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Cyber Attacks Have Doubled, but Security Is Getting Better at Blocking Them
In a survey, Accenture said the number of targeted attacks like ransomware and DDoS are growing, but organizations are getting better and faster at detecting them.
April 20, 2018
6 Min Read
Cybersecurity so far this year is offering a mix of good news, bad news and warnings, according to a report released this week by professional services company Accenture.
The bad news is that the number of targeted cyber attacks like ransomware and distributed denial-of-service (DDoS) has more than doubled this year, an indication of the increasing threats facing organizations undergoing dramatic digital transformations of their businesses.
However, companies have dramatically done better so far this year over 2017 at protecting themselves against such attacks, detecting and blocking 87% of the breaches compared with 70% last year, according to Accenture's report "2018 State of Cyber Resilience," which was released as the RSA Conference 2018 got underway in San Francisco. That said, the study's authors noted that even with only 13% of targeted attacks getting through the defenses, that means that organizations are still seeing an average of 30 successful breaches a year, and they warned that companies must continue to invest security solutions and embrace emerging technologies like artificial intelligence, machine learning and automation.
"The research shows that 83 percent of survey respondents believe that breakthrough technologies, such as artificial intelligence (AI), machine or deep learning, user behavior analytics, and blockchain, are essential to securing the future of their organizations," the authors wrote in their report. "Indeed, it is breakthrough technologies that will drive the next round of cyber resilience -- although only two out of five business leaders are already investing in areas like machine learning/AI and automation." (See Automation Is a Key to Future Enterprise Security – Report.)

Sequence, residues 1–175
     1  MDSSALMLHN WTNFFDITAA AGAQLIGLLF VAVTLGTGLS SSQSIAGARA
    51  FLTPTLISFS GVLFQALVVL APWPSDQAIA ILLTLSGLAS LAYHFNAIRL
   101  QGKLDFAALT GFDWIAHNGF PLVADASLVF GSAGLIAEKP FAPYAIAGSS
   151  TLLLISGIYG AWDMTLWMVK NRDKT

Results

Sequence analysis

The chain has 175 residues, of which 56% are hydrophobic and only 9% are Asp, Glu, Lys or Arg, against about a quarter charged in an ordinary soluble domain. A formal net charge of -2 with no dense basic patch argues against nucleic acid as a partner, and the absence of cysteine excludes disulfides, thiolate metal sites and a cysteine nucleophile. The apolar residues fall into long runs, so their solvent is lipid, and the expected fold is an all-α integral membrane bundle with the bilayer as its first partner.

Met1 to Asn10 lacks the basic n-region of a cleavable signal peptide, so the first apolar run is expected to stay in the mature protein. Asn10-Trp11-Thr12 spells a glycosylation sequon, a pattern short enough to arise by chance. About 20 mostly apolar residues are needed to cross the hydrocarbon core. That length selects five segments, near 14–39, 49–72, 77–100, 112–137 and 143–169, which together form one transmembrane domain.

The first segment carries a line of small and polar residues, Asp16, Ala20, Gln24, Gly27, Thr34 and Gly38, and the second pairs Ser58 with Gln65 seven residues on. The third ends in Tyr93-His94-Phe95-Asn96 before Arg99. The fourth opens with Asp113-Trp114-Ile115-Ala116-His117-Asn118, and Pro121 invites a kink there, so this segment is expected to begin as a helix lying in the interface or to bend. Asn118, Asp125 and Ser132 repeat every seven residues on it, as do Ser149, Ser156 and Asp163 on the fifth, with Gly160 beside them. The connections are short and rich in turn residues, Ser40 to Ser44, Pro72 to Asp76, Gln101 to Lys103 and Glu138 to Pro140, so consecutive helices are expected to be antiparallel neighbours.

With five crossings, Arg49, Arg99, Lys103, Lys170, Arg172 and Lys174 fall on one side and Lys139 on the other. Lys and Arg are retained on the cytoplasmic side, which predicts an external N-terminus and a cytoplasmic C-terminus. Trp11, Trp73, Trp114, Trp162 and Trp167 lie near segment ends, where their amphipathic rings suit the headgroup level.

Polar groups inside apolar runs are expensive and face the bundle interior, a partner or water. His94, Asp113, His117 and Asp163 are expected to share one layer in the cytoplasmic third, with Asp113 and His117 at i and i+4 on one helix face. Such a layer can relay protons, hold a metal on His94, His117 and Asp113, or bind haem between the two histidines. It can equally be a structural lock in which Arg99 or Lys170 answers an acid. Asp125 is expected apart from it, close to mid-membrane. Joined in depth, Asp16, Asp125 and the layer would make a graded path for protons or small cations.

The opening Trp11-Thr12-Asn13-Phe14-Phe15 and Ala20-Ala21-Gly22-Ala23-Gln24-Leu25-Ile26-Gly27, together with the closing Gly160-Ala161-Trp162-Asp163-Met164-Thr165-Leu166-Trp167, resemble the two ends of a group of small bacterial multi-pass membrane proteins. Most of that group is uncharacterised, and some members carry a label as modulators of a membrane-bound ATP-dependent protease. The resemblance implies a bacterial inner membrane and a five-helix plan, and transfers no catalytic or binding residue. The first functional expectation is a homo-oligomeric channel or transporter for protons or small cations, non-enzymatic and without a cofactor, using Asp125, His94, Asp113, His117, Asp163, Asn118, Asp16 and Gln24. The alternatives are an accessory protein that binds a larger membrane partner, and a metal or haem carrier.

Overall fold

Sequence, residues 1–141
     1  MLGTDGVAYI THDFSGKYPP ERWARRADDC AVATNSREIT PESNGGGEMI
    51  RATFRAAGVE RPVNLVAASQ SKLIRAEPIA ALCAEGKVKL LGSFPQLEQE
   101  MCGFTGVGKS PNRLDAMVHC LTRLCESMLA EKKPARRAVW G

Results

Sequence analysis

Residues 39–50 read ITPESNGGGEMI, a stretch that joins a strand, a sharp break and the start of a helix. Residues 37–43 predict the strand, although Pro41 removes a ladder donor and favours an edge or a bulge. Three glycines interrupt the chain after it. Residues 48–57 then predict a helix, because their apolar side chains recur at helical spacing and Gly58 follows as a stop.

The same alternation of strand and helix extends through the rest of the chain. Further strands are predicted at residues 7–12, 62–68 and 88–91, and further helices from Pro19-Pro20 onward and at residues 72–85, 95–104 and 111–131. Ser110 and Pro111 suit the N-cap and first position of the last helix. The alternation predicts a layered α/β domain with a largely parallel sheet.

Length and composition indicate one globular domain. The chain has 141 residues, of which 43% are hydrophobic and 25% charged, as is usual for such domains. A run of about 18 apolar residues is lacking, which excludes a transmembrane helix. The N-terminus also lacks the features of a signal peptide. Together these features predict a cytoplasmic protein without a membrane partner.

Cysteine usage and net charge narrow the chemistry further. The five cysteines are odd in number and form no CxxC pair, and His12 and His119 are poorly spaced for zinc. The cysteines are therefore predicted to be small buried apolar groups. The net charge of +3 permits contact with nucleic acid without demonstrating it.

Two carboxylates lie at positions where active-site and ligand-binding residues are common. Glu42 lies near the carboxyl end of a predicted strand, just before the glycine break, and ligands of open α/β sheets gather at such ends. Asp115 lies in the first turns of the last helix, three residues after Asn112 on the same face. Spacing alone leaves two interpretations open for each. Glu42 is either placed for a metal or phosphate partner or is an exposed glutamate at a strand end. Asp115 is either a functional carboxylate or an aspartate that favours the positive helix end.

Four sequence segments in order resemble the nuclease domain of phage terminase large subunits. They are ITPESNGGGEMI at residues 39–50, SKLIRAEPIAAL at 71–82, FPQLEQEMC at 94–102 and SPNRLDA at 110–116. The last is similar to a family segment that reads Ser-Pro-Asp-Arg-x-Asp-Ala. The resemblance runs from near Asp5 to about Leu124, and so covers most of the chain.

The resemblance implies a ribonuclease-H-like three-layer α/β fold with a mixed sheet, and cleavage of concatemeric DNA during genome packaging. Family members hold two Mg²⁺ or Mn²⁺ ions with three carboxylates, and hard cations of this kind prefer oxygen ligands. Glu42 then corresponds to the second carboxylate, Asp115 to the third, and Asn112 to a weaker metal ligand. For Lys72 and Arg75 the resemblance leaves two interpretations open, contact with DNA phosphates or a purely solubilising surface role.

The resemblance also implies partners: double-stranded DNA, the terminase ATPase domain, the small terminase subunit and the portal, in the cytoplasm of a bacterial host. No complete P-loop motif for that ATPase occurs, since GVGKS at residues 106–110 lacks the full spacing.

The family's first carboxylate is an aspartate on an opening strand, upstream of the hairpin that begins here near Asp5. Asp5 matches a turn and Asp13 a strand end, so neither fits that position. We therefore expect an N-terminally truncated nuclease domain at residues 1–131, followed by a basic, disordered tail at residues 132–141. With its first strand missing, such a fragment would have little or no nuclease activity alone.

Accenture surveyed 4,600 enterprise security professionals at companies from more than 15 countries and with more than $1 billion in revenue. The survey ran from January to March and found an average of 232 attacks this year compared with 106 in 2017, with the attacks designed to get past network security and either cause damage or steal data or other corporate assets.
"Over the past year, there are a number of areas where organizations have improved their cyber resilience as they get better at detection, prevention and collaboration," Ryan LaSalle, global managing director for Accenture Security, Growth and Strategy and Cyber Defense Lead, wrote in an email to Security Now. "We believe the increase in attacks can be attributed to both the increased threat activity in the market and also the results of increased detection coverage across organizations. We're also seeing a change in the reporting structure and governance for cybersecurity, with two-thirds of CEOs and boards now having direct oversight of cybersecurity. Budget authorization is also elevated with CEOs and boards now approving 59% compared with only 33% last year. This provides strong evidence for the benefits of connecting security improvement to better risk governance and business engagement."
Collaboration improves cybersecurity
The collaboration not only within security teams but also outside of them has been important. Security teams within an organization are finding 64% of breaches, about the same as last year, they survey found. Of the attacks that the security teams don't detect, 38% are found by others in the security community -- such as white-hat hackers -- or through peers or competitors (up from 15% in 2017). The authors noted that there is safety in numbers when dealing with cyber threats.